In class, we'll continue our discussion of dependences by considering some common idioms that arise in object-oriented programs, and seeing how we can capture their dependence structures. We'll compare the new dependence diagram that I described last time with Parnas's uses relation.

There's no additional reading for this class. Just make sure you've read and understood the papers from last time, especially the Parnas paper. You will probably also want to look over the slides from the last class to make sure you understand the elements of the new dependence diagram.

Your task is to construct some dependence diagrams in advance of class so that you have thought about the issues and are ready to discuss them. Please bring your answers to these questions on paper to class on Monday.

Consider a phone book program that provides storage and retrieval of phone numbers and addresses. For each of these fragments of the program, draw two diagrams: a Parnas uses diagram, and a new dependence diagram as described in my last lecture.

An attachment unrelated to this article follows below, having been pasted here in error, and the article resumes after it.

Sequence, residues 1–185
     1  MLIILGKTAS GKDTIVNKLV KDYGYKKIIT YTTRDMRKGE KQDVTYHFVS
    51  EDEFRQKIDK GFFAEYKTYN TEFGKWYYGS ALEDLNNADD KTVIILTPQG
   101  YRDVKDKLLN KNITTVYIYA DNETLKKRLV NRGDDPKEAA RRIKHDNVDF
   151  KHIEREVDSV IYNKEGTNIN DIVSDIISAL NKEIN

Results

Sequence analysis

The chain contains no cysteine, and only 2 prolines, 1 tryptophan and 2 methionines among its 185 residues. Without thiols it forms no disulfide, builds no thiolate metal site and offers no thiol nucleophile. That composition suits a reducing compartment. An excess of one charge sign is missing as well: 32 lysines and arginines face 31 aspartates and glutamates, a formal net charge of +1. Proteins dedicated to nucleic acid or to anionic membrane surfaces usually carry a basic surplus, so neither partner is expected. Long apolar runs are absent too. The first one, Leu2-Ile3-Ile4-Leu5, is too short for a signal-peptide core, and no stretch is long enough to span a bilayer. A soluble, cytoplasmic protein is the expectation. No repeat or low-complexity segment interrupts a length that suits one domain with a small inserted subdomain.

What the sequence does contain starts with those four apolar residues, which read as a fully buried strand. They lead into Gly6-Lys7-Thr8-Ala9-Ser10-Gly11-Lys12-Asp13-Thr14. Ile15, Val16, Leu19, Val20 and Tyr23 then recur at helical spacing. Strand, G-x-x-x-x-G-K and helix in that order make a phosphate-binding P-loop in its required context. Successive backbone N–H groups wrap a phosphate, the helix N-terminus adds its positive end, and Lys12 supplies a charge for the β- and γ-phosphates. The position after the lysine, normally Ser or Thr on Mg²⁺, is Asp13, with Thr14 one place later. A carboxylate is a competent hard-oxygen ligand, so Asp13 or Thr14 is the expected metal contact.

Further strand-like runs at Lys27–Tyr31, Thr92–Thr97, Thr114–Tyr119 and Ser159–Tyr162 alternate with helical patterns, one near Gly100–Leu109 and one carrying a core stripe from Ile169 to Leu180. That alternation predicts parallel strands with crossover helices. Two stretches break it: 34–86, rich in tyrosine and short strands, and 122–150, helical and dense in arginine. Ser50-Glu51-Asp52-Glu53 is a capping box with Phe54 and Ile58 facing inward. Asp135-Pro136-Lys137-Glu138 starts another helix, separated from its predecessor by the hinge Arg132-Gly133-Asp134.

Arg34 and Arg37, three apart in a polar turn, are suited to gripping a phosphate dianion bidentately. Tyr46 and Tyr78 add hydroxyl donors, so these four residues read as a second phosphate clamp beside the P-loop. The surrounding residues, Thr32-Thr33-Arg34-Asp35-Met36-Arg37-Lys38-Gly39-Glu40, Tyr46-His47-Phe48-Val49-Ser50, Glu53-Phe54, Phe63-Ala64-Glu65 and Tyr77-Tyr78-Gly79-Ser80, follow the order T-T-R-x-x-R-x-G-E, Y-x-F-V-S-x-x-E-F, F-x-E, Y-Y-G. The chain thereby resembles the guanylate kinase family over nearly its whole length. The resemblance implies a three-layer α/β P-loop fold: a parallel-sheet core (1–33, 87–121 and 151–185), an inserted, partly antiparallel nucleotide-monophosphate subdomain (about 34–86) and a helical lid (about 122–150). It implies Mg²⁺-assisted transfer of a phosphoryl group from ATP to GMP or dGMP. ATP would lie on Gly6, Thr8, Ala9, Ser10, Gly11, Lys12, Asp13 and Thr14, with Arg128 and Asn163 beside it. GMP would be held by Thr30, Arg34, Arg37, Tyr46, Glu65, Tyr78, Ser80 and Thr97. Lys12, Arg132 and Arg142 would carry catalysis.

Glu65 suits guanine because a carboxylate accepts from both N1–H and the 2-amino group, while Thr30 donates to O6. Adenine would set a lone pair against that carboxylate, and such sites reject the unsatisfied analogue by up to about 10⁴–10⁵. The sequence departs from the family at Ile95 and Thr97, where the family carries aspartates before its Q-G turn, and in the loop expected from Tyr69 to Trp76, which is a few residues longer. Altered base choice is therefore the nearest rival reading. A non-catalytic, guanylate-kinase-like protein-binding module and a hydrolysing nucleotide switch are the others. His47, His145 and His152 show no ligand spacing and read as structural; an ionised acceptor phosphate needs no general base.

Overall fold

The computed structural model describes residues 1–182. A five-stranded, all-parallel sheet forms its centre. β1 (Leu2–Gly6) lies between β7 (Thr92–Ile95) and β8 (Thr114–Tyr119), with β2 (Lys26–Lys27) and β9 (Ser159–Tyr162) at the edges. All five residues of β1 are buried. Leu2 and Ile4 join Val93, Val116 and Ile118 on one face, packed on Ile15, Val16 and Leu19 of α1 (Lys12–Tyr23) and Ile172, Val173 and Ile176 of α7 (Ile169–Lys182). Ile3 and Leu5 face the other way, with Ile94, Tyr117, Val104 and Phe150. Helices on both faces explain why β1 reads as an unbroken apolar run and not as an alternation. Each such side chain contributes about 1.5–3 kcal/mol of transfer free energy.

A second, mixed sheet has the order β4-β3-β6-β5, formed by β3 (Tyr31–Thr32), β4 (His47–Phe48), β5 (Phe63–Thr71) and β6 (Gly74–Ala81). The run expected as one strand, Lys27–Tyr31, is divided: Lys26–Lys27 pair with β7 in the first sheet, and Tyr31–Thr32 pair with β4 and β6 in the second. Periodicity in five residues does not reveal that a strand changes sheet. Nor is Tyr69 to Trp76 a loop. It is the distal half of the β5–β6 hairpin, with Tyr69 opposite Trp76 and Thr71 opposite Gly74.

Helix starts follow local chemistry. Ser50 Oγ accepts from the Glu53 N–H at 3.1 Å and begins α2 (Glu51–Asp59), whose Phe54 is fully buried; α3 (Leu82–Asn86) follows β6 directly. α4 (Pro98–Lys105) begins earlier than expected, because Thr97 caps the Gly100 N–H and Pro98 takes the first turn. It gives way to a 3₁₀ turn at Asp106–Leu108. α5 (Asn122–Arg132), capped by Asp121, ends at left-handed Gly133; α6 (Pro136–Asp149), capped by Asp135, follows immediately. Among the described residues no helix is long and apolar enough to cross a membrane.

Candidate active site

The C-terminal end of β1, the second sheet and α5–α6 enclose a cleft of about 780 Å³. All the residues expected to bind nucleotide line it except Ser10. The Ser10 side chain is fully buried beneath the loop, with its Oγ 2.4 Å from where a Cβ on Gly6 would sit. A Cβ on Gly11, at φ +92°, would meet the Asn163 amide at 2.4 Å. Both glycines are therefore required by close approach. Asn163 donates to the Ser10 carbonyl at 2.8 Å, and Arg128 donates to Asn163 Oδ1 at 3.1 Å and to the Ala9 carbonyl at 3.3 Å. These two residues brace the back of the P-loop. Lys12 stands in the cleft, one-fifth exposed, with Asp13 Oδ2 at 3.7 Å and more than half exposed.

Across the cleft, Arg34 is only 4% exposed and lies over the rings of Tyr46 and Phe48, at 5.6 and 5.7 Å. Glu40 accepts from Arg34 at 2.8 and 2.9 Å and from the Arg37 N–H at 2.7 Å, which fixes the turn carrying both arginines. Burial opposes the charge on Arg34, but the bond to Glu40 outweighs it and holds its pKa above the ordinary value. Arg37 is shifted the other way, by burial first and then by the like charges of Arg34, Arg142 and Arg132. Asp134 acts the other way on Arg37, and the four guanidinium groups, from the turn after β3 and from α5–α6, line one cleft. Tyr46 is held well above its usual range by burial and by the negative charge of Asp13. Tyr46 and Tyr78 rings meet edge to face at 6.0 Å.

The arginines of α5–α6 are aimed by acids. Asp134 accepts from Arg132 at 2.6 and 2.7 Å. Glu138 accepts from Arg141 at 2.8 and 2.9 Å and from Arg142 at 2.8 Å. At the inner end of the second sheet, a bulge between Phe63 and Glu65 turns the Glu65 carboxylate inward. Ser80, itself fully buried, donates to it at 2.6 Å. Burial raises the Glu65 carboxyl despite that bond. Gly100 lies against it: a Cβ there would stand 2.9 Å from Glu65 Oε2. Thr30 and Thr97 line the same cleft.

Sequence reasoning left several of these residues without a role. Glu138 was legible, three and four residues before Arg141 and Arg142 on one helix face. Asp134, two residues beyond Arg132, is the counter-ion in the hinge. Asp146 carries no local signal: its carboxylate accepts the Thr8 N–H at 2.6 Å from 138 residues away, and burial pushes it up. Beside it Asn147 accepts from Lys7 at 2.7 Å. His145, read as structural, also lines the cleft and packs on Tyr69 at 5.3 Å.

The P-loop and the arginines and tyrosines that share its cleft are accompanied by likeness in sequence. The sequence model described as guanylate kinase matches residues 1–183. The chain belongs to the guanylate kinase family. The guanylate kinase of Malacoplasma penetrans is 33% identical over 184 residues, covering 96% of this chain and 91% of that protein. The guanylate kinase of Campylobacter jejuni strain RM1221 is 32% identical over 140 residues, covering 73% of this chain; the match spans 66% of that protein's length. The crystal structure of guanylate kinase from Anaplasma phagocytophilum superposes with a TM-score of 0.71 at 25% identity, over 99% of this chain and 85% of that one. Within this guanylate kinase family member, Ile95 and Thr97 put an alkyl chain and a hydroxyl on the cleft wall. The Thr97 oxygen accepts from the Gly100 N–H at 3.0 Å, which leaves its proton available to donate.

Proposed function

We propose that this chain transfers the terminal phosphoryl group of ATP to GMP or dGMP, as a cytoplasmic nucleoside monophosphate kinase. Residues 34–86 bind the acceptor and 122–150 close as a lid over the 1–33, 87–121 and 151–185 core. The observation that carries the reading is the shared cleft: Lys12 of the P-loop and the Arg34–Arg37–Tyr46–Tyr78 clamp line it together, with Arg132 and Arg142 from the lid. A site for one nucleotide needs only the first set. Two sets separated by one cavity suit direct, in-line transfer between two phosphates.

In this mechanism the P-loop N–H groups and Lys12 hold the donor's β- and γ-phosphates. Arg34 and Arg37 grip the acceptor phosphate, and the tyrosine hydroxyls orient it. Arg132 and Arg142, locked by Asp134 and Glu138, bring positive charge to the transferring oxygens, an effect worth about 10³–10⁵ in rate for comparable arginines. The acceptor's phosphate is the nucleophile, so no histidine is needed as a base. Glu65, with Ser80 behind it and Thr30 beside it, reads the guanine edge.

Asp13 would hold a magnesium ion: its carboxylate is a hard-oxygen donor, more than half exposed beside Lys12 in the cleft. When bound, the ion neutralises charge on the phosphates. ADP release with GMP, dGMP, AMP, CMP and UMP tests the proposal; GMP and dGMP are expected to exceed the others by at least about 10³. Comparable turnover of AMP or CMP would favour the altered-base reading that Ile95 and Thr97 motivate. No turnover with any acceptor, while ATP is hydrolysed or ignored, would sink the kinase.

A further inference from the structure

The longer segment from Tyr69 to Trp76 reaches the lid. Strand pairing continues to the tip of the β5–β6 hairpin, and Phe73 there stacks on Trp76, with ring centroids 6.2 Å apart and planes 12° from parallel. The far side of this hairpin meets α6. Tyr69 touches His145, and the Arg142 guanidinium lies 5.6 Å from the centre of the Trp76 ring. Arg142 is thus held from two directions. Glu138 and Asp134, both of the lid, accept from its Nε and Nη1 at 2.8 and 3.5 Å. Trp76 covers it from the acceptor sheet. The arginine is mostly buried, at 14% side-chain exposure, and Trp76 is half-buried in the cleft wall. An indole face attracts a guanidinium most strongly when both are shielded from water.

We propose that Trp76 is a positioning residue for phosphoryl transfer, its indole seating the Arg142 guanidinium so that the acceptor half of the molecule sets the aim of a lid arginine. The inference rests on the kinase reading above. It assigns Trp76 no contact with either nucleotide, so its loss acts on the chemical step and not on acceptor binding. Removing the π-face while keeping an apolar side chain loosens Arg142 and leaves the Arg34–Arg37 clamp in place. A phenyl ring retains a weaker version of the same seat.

Wednesday April 17, 2002

Exercise 2 is due at the start of class today.

Read Parnas's seminal paper on the 'uses' relation, and the excerpts on dependences and coupling gathered from some recent textbooks. Copies of these excerpts are available in Dan Wilson's office (NE43-511).

Then answer these questions:
  1. There are several notions of dependence here: Parnas's uses relation; Liskov's module dependences; coupling from structured analysis; package dependences in UML. Are they the same? Are some more appealing than others? How clearly do the various authors define these notions?
  2. How much of software design is about eliminating or reducing dependence? Can one have two few dependences?

Wednesday April 10, 2002

Greg Sullivan will be our guest speaker. His topic will be "Design Patterns in a Dynamic Language". Read the paper in advance of class.

Monday April 1, 2002

The second exercise is available here. It's due on Wednesday April 17.